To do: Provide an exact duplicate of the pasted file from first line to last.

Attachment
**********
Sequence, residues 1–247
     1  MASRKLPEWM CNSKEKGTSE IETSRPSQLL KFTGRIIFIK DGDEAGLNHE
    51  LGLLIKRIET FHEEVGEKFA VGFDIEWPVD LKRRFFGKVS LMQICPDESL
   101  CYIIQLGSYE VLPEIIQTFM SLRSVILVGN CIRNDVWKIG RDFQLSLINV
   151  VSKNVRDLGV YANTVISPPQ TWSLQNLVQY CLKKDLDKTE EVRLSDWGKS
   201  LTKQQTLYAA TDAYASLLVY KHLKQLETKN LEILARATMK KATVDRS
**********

Sequence, residues 1–247
     1  MASRKLPEWM CNSKEKGTSE IETSRPSQLL KFTGRIIFIK DGDEAGLNHE
    51  LGLLIKRIET FHEEVGEKFA VGFDIEWPVD LKRRFFGKVS LMQICPDESL
   101  CYIIQLGSYE VLPEIIQTFM SLRSVILVGN CIRNDVWKIG RDFQLSLINV
   151  VSKNVRDLGV YANTVISPPQ TWSLQNLVQY CLKKDLDKTE EVRLSDWGKS
   201  LTKQQTLYAA TDAYASLLVY KHLKQLETKN LEILARATMK KATVDRS